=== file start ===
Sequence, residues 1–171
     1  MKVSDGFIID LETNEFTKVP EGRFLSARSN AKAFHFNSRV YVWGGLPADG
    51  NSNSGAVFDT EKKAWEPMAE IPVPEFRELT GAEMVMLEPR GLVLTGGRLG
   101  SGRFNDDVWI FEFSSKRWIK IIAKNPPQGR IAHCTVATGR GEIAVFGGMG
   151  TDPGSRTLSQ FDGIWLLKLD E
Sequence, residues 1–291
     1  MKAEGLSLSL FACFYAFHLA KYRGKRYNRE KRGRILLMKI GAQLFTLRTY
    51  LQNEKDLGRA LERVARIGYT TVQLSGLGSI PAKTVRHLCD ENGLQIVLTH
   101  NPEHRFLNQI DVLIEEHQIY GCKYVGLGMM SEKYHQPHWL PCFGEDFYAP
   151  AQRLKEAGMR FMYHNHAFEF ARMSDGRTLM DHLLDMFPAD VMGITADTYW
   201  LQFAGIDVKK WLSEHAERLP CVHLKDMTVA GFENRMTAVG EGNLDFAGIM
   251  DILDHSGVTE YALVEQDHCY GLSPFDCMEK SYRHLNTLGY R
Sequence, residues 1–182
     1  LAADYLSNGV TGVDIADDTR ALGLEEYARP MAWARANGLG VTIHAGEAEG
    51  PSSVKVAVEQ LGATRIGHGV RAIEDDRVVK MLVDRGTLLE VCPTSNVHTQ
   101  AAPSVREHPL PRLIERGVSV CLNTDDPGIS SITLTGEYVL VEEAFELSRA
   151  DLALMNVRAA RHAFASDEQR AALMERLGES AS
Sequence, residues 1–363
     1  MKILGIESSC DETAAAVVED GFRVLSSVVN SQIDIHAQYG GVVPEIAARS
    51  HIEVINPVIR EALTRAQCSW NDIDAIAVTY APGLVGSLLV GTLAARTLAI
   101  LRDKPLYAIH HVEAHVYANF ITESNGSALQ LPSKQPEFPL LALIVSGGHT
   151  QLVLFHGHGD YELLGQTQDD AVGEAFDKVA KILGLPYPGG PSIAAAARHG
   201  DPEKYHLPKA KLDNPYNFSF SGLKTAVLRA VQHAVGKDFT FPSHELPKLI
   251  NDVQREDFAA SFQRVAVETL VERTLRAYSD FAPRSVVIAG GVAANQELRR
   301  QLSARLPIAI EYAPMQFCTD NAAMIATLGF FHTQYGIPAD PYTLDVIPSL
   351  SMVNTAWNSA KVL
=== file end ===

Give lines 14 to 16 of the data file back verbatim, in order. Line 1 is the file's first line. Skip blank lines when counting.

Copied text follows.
     1  LAADYLSNGV TGVDIADDTR ALGLEEYARP MAWARANGLG VTIHAGEAEG
    51  PSSVKVAVEQ LGATRIGHGV RAIEDDRVVK MLVDRGTLLE VCPTSNVHTQ
   101  AAPSVREHPL PRLIERGVSV CLNTDDPGIS SITLTGEYVL VEEAFELSRA